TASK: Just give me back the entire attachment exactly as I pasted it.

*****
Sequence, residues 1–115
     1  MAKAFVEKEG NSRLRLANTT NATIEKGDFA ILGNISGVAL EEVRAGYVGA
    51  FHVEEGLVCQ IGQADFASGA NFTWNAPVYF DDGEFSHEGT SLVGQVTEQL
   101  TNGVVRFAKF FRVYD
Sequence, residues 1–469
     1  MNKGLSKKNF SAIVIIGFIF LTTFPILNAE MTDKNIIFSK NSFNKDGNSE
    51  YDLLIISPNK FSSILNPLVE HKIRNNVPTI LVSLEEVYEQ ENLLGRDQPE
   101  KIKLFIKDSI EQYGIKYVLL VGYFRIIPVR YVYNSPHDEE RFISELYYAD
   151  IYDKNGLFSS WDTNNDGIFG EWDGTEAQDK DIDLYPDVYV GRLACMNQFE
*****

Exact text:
Sequence, residues 1–115
     1  MAKAFVEKEG NSRLRLANTT NATIEKGDFA ILGNISGVAL EEVRAGYVGA
    51  FHVEEGLVCQ IGQADFASGA NFTWNAPVYF DDGEFSHEGT SLVGQVTEQL
   101  TNGVVRFAKF FRVYD
Sequence, residues 1–469
     1  MNKGLSKKNF SAIVIIGFIF LTTFPILNAE MTDKNIIFSK NSFNKDGNSE
    51  YDLLIISPNK FSSILNPLVE HKIRNNVPTI LVSLEEVYEQ ENLLGRDQPE
   101  KIKLFIKDSI EQYGIKYVLL VGYFRIIPVR YVYNSPHDEE RFISELYYAD
   151  IYDKNGLFSS WDTNNDGIFG EWDGTEAQDK DIDLYPDVYV GRLACMNQFE